Toddlers Who Don't Talk: When Is It a Problem?

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Sure there are developmental guidelines, but often kids do things in their own sweet time and they're just fine. So how do you know if there is a problem with your child's speech—or lack thereof? A recent New York Times article says assessing a kid's speech delay is difficult, yet crucial. The earlier a speech delay is diagnosed, the earlier the child can get help. The earlier the help, the better his prospects for improvement.


If you want to see how your child is doing, the American Speech-Language-Hearing Association lists speech guidelines by age. If you have concerns, talk to your pediatrician.

If you'd like to enhance your children's speech and language skills, try these tips from Diane R. Paul, M.D., director of clinical issues in speech-language pathology at the American Speech-Language-Hearing Association:

1. Talk to your child about what they’re focused on.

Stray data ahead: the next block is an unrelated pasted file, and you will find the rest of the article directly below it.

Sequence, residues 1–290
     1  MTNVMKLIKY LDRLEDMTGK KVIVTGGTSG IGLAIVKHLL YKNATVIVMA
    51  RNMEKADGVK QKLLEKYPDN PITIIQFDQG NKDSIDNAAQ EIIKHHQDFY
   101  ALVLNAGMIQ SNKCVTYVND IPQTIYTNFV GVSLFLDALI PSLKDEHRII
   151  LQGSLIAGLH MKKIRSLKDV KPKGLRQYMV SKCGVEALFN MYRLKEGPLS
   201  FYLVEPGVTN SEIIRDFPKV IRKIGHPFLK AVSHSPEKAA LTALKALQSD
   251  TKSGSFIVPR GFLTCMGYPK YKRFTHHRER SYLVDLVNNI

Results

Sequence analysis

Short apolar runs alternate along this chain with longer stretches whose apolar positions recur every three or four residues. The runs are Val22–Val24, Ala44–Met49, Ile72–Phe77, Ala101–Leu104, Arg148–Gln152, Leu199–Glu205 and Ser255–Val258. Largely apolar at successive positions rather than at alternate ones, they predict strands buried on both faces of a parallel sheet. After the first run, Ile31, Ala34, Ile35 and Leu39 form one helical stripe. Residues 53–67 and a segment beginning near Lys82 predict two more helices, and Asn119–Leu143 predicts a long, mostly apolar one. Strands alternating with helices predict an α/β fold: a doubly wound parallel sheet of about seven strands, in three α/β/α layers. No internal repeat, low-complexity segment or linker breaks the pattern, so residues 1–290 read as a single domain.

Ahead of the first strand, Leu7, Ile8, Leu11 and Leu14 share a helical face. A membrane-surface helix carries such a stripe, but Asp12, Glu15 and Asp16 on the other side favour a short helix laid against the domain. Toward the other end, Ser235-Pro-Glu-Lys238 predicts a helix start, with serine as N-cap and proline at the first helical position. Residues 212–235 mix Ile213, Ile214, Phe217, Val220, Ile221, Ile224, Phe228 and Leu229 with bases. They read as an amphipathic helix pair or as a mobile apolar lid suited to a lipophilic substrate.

2. Read to your child often.

3. If you live in a bilingual home, speak to the child and read to the child in the language that you’re most comfortable with.

4. Speak clearly and naturally and use real words.

5. Show excitement when the child speaks.

6. Listen to what your child is telling you.

For more information, read the full article "When to Worry if a Child Has Too Few Words."

Are you worried about your toddler's language development?

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Talking Toddlers: When Everything is "Blue" or "Hot" or "Kitty"

Poor Kids Don't Talk So Good—Are You Kidding Me?


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